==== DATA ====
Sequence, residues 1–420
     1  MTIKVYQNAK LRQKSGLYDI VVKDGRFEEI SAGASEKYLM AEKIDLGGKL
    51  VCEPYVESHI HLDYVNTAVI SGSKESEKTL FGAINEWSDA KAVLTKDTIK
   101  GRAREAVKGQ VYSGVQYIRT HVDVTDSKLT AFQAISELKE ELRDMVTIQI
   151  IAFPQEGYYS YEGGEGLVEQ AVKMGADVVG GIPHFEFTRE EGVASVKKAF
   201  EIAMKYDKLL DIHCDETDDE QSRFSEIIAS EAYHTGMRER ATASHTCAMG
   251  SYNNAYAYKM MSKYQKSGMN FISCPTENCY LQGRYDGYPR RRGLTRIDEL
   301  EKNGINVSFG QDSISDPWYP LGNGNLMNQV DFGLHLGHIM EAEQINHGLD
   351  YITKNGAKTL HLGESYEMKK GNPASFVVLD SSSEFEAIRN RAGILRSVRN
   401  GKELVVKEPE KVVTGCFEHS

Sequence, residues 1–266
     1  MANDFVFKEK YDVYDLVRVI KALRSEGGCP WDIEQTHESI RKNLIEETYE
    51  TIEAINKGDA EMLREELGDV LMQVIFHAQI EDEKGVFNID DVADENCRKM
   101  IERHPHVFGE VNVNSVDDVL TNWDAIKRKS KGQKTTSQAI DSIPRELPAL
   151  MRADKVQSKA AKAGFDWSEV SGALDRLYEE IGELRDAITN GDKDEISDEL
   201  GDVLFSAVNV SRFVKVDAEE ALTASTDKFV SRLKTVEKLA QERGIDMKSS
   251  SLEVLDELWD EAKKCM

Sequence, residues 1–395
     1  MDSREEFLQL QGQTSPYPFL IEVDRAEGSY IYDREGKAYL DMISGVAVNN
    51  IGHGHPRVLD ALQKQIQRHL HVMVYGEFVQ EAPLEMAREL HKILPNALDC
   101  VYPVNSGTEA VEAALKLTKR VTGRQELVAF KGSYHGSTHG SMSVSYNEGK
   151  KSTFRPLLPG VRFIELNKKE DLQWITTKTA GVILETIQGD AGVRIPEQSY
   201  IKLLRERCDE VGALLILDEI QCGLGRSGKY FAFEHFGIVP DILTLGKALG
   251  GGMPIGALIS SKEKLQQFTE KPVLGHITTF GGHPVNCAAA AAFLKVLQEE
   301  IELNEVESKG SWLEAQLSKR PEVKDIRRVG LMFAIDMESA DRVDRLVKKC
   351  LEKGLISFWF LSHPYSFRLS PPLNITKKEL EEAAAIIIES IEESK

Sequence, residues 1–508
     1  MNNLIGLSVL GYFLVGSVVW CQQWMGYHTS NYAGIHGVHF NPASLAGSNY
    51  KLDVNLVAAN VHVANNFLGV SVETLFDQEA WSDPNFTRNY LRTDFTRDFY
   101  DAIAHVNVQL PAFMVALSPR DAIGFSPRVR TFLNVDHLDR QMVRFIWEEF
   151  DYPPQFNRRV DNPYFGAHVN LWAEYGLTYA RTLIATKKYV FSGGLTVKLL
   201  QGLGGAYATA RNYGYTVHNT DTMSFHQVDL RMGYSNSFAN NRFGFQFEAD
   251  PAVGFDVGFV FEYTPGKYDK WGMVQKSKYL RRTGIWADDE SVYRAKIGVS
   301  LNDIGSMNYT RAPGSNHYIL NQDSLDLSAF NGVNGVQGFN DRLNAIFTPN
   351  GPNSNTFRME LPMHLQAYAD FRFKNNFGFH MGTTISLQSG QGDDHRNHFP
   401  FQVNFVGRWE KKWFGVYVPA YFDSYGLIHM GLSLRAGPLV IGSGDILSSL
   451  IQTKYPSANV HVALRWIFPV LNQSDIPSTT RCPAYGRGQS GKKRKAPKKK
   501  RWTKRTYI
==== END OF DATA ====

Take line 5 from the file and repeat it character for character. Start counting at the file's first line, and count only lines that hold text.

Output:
   151  IAFPQEGYYS YEGGEGLVEQ AVKMGADVVG GIPHFEFTRE EGVASVKKAF